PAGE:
Marx was right that the fall in the share of output going to workers is the main driver of the rise in corporate profits. Data shows that real wages started to stagnate or decrease in most countries following the financial crisis (23). Since 2008, most newly-created jobs in Britain have been on zero hour contracts, where workers have no guaranteed shifts and have to work at the whims of their employers (23). The rise of the sharing economy threatens to turn millions of people into casual workers who eat only what they can kill.
The academic literature gives three explanations for this: automation has enabled firms to replace workers with robots; globalization has made it easier to shift production abroad; and casualization has convinced millions of workers to accept lower wages (24). A recent paper by Christian Fuchs on “Digital Labour and Karl Marx” examines how labor is changing in the age of computers and smartphones (25). He proposes a critical theorization of labor performed in the capitalist ICT industry. Relying on a range of global case studies, Fuchs sheds light on the labor costs of technology firms (25).
Opponents of casual work say digital platforms like Uber, Deliveroo and Upwork are creating a virtual “human cloud” of “digital serfs” that leads to a global race to the bottom for wages and benefits. The contractual arrangements intend to avoid the labour laws covering minimum wages, working conditions and benefits. Casual workers have no job security. Employers can tell them without notice that they are no longer required. The nature and the conditions of their work can change at any point in time (26). These developments affect both unskilled and skilled work.
Supporters of casual work, like Patrick Petitti (founder of Catalant) and Stephane Kasriel (CEO of Upwork) say that their platforms decrease the entry barriers of business and offer an unprecedented flexibility to both workers and employer. They build trust and relationships between people. Freelancers have the freedom to choose their own projects, time schedule and office location. They are engaged in rich and diverse work, gaining valuable independence and flexibility taking advantage of the network effect to get more and better work (27).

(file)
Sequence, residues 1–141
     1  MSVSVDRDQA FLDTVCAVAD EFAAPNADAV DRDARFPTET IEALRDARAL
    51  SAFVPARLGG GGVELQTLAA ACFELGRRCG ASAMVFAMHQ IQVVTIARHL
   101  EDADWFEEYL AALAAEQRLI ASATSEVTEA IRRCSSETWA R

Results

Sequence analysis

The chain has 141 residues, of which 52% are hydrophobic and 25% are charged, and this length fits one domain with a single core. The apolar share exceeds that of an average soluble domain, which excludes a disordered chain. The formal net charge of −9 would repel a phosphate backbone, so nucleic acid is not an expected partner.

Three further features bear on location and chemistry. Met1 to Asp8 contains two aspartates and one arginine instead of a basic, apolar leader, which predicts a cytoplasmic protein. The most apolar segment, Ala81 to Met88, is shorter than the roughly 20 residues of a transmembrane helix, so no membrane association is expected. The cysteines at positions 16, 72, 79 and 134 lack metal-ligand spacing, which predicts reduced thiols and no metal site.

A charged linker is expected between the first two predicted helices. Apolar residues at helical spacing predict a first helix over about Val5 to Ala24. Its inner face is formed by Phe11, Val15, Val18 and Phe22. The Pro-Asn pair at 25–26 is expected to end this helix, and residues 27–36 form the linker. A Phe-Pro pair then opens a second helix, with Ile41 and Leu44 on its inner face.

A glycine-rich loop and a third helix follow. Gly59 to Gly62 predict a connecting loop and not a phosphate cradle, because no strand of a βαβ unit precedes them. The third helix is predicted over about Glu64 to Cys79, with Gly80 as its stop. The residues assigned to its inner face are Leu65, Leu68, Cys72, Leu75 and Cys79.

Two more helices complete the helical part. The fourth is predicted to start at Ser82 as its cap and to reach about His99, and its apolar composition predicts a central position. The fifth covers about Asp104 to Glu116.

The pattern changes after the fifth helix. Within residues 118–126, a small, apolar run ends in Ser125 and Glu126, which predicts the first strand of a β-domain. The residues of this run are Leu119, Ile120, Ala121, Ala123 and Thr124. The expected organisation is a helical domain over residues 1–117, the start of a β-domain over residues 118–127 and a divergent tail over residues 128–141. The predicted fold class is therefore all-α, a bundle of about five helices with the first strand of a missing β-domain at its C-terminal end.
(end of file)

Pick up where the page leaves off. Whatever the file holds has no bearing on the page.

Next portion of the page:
Marxist principles apply only to some extent to the digital economy. Although Marx’s analysis is sensible, the conclusions are dubious and the solutions far worse than the disease.
Capital is indeed expanding in value, especially in the tech industry, in accordance with Marx’s predictions. The theory of capital accumulation can even help to understand the market valuation of tech giants. But the blossoming of a wide variety of tech startups contradict the assumption that capital accumulation would be detrimental to capitalism survival, corporate investment and technological innovation.
The latest developments in the market and capital structures of the tech industry corroborate the idea of a capitalism tendency for concentration. However, this process is not only driven by the principles of capital accumulation and economies of scale. Strong market dominance arises when the value of a product or service is dependent on the number of users. This network effect plays a particularly important role in the digital economy.
Marx was right that the rise in corporate profits is often at the expense of workers. But the recent transformation of digital labor is more nuanced. Some view the sharing-economy platforms as parasites enslaving workers while others consider them as match-makers emancipating freelancers. It still too early to see whether the digital economy will increase the control, flexibility and quality of work conditions.
But, the best way to avoid being Marx’s next victim is to use technology to confront the imbalances he highlighted.